Everybody should know about the legendary B-boy:  Easy Roc.  The former Rock Steady Crew veteran is one of the most respected dancers in the world.  He helped pioneer an era of b-boying with his smooth style of footwork and top rocking that new schoolers can only emulate.  As an old-schooler who paved the way for many others, Easy comes from the era of carrying a boombox to the park with a piece of cardboard.  With that said, the cassette tape has played a huge role in his career as a highly influential B-boy.  In addition to killing the dancefloor, he also dabbles in the world of bmx, art, lowriders and all things creative.  Recently, my good colleague/tape hunter/Zulu Nation Chapter Leader:  Last Man...had the chance to link up with Easy Roc to talk a little bit about the cassette era's influence in the B-Boy culture.


Last Man here and I'm here with Old School Rock Steady/Zulu Nation/Pioneer/Bboy:  Easy Roc.  I'm just gonna ask you a couple of questions pertaining to cassette/boombox culture.  What do you see as the importance of the boombox and the cassette tape within B-boy culture?

First off, I would say that if you were B-boy back in the day and you didn't have a boombox it was pretty sad because that was something that was mandatory.  B-boyin is a very free thing. It's one of those things where no matter where you are from (rich or poor) you didn't have to spend alot of money to be a b-boy. The only thing that you really NEED is the music.  To play that music, you needed to have a boombox.  The difference is nowadays...with all the technology, I see the kids just holding their phone up to their ear and do their little bug out...whether it's the jerk or the shuffle or whatever the new dance is that's coming out.  It's just not quite the same you know what I mean?  First of all, it's too personal.  People think you're like a weirdo doing that kinda thing.  They don't see a box with music coming out.

 The other thing is that Hip Hop was and should be a very rebellious thing.  For you to have a big ol' offensive box just booming your music for all to hear is making a statement like "Hey, check me out...I'm doing this and I don't care what anybody thinks."  Whether it was right or wrong, we were in people's faces with our big boombox.  I guess it's alot of things.  It's like in California with the car culture.  People can't live without their car and you gotta have sounds in your car.  It gives you a freedom and a sense of pride and confidence to be like "yeah, this is me...this is my world, my music and what represents me."   The boombox is just so important to the early days and it still should be. B-boys today should be going out and trying to find boomboxes. The new ones just aren't quite the same. So its hard, you really got to try and hunt for one.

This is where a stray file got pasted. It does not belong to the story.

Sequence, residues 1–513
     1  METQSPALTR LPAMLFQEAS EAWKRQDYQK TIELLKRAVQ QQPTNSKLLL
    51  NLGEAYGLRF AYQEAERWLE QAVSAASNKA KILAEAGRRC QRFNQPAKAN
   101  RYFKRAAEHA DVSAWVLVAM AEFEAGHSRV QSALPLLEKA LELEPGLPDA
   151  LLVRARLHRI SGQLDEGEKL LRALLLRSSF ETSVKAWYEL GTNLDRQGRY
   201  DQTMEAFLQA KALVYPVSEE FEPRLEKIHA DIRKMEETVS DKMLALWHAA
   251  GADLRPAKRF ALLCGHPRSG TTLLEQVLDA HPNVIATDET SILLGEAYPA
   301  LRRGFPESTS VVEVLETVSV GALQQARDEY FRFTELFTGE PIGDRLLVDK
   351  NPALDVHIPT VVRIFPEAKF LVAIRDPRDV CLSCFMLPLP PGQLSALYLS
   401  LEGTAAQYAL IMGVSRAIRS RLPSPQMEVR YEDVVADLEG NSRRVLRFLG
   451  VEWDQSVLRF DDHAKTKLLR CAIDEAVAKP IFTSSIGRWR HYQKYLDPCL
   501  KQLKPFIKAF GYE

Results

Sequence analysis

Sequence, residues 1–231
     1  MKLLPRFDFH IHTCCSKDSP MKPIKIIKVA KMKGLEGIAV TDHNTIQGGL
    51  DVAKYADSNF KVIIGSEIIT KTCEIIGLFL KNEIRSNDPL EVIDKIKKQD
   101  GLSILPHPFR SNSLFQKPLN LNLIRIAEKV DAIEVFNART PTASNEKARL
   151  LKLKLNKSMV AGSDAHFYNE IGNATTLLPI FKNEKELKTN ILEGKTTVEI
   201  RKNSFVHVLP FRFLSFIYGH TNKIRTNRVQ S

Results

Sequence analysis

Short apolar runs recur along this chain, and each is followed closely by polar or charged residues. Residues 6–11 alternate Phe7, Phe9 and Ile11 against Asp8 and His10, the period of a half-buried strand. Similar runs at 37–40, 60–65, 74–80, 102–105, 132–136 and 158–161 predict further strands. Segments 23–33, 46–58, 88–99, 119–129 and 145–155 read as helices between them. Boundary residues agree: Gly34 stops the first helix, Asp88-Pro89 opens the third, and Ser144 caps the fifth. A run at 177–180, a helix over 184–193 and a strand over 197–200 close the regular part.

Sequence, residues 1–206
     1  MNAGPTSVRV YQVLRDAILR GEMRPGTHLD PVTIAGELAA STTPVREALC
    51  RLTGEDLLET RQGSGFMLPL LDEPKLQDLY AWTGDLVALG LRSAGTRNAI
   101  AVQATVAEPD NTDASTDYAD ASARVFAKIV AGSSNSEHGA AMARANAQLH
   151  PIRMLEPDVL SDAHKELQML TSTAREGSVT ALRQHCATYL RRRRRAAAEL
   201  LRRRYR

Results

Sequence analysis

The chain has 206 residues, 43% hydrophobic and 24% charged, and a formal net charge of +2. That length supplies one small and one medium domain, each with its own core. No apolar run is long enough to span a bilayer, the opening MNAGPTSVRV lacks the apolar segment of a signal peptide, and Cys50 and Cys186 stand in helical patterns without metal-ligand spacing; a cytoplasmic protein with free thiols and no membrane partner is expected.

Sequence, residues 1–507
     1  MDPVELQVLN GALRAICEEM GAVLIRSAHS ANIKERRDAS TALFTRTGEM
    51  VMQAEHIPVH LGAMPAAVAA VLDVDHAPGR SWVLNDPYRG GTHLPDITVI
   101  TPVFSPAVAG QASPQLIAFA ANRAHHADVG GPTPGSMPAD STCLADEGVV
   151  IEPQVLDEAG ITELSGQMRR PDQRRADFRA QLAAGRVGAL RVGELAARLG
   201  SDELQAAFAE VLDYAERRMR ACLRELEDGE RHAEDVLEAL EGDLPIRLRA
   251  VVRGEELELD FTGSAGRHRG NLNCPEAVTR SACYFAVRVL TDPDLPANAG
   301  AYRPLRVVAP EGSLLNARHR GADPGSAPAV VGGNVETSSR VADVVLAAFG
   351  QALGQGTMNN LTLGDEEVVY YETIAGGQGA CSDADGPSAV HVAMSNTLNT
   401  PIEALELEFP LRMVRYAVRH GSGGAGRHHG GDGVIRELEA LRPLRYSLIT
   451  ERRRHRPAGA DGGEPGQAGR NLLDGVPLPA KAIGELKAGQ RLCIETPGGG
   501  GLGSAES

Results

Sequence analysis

So yeah, like you said there are alot of the new ones.  Like even now...Lasonic put out a new boombox that's similar to the TRC- 931 but its got an Ipod Connection.

I think that was somebody's clever idea.  It was probably a designer of our age/generation that said "I miss this, I wanna see these back out but let's make it hip for the new people."  So yeah, it was kind of a shocker when Urban Outfitters had this identical box to the one I have but just a little thinner.  I was like "What? what is that?"  When I went a little closer, I noticed that it wasn't quite the same.  There wasn't a cassette deck and it was all ready to adapt for your ipod.  The funny thing is even that technology will be gone in a few years.  It's silly how fast everything moves.

But yeah, there's so much you can talk about the era of the Boombox and the tape. It's funny cuz now when you talk about a mixtape.  What is a mixtape?  It's a Cassette tape.  It was a little shortlived and then cds came in and they didn't seem like they lasted very long either.  Now it's all digital technology. Just like with wax....people get to the point where they wanna reminisce and go against the grain.  The hunt for wax is now become the hunt for tape because if you have a working boombox you'd want to be able to play a tape in it.  I always have a tape in mine.  It's usually James Brown or something else.  If I had to take it somewhere and it was the last thing on earth...and I grab my boombox, its gotta have James Brown in the tape player.


So you mentioned James Brown.  That brings me to my next questions.  From your collection back in the day and over time...what were your favorite tapes or must haves? What are your holy grail tapes.  Let me hear your top 5.